Touring is a grind. To say you’re out of your comfort zone while out on The Road (Bob Seger’s, not Cormac McCarthy’s) is a serious understatement.
You’re miles from home, severed from the ones you hold most dear, trapped with who can only be politely described as volatile company. But when you’re on that stage, you have to put your game face on, night after night. The show must go on.
Basically, it’s a lot like being with your kid in public.
The Essential Salts
Since I entered Dad-dom, I feel obligated to fulfill a certain set of social expectations. I don’t think these expectations are entirely different from playing live music before a crowd of strangers. In both music and parenting, you have to be able to handle your shit, or the curtain is ripped back, and the magical immersion is broken. The jig is up.
I’ve already spoken plenty about my many insecurities. But what I’m talking about here aligns more with good ‘ol common sense. Forget making a good first impression — when you enter a room in Dad Mode, people will expect you to have read the instruction booklet.
Does he know how to hold the baby? Does he know he has to hold the baby rightside up?
See? Basic shit. You’ll notice I didn’t say anything like “how often does he defer to Mama to tell him what to do?” I can’t assume the complex relationships parents have with each other. Maybe Mom doesn’t want your clumsy-ass handling the kiddo, I don’t know. But if you are holding the kid, then you’d better damn well know which way is up.
Same goes for playing live while on tour.
Does he know how to play his instrument?
There’s no “right” way to deal with mistakes (but there is a “wrong” way, as Mariah Carey has recently proven), but it’s not too much to ask that you know your own damn songs before you make people pay to see them, yeah?
Basically, this all amounts to “you bothered to make the damn kid, so you’d better have at least the bare minimum skills to support her.”
Giving ‘em a Good Show
Some parentals have a natural talent for showmanship. Not everyone does; some of us have to fake it. And fake it you must to protect the credulity of your station. I’m a dad, and even if my kid is acting shitty, how I react will affect whether people are happy to see us enter a room or if they’ll break out the fake china versions of their smiles.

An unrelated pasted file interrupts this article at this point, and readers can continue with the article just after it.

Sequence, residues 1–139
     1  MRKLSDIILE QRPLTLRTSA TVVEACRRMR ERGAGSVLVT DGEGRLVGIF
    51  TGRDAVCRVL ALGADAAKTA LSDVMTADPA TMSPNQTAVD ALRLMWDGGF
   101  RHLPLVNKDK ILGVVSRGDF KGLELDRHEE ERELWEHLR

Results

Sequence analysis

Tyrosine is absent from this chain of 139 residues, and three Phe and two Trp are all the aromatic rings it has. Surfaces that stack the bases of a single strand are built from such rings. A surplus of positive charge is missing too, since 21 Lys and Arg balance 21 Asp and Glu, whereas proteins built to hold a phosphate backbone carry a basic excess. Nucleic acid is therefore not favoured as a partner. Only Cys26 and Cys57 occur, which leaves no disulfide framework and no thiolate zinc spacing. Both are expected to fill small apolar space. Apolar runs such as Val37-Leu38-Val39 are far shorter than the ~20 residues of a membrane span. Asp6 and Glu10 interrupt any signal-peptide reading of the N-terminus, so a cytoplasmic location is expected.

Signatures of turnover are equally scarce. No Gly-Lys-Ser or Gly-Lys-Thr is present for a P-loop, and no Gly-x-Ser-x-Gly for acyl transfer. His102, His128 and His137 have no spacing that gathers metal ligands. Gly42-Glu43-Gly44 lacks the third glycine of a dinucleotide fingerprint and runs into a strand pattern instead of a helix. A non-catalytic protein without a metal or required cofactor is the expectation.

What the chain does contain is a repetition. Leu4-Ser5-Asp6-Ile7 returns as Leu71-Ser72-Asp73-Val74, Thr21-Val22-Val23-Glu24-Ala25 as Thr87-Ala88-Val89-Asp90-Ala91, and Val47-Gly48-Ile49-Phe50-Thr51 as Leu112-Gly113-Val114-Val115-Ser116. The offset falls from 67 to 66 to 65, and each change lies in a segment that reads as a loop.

In musical terms, this translates to who will come out to see your shows. It’s all about putting on a good public face and being a good sport.
You smile. Wave at your adoring fans. Sign an autograph or two. And when the meet-and-greet is over, you’re back to screaming at each other about who pooped where.
See, unless I tell them, no one knows Gorgonna can be an absolute terror when being put to bed. They only see how lovely my daughter is and how proud I am to be her dada. Those aren’t untrue by any means, just more a matter of good showmanship.
Some Final Thoughts and Shit
One thing is for sure: you should never hesitate to go socialize. I find that being a dad in public makes me feel equal parts accomplishment and anxiety, but that the highs far outweigh the lows. Social interactions are healthy for kiddies; you can’t keep ’em out of the spotlight forever.
Same with touring/playing live — the positive feedback from the crowd and satisfaction of a show well-played more than makes up for any mid-song fuck-ups or petty band spats.
I’m sure there’s an argument buried in this post about how we shouldn’t give into societal pressures. But you know what, I just have to ask myself how I want (that’s ME, personally) to have people see me as: a confident human being, capable of taking care of his child, who wants to show the damn thing off because I’m proud of her. That idea drives me toward self improvement, and I can’t really see that as a bad thing.
Parenting and playing music are things you should do, should you have the opportunity. They have their challenges, but the worthwhile things on this earth often do, don’t they?
The show must go on.